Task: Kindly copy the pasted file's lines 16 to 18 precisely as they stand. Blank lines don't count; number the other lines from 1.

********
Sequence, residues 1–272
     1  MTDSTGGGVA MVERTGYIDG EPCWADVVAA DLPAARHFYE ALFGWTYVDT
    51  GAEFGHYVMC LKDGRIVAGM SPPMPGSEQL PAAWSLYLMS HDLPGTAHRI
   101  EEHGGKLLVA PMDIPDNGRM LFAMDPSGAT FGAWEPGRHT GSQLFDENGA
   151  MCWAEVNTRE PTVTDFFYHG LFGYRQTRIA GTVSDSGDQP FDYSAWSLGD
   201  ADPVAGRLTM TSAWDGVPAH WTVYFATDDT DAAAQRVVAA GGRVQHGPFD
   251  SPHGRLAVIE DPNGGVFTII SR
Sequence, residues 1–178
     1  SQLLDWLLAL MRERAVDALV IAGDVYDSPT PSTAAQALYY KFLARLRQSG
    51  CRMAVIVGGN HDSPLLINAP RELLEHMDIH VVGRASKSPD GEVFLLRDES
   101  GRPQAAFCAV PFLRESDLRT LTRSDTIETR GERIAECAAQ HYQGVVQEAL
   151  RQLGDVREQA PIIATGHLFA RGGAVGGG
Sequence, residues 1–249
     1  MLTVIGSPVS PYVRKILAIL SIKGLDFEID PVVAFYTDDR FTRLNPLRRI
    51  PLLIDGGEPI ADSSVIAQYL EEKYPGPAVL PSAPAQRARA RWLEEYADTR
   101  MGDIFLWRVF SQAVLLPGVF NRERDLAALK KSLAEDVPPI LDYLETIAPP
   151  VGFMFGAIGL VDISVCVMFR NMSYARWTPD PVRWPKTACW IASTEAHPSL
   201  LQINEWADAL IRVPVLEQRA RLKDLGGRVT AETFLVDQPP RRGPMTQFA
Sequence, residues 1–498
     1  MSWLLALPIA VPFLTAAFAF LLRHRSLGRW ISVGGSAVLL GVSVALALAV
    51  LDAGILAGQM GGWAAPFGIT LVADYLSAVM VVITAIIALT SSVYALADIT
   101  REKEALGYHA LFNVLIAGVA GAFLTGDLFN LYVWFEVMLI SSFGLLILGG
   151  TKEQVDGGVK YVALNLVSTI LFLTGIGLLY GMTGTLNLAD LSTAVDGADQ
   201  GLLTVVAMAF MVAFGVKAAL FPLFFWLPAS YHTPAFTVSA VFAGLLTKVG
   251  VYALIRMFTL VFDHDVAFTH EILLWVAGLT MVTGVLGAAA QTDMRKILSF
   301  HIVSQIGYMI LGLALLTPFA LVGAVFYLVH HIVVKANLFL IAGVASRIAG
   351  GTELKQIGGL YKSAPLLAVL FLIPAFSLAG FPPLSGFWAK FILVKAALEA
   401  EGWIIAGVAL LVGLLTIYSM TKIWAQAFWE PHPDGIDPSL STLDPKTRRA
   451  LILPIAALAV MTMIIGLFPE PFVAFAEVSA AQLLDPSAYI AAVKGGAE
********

   101  MGDIFLWRVF SQAVLLPGVF NRERDLAALK KSLAEDVPPI LDYLETIAPP
   151  VGFMFGAIGL VDISVCVMFR NMSYARWTPD PVRWPKTACW IASTEAHPSL
   201  LQINEWADAL IRVPVLEQRA RLKDLGGRVT AETFLVDQPP RRGPMTQFA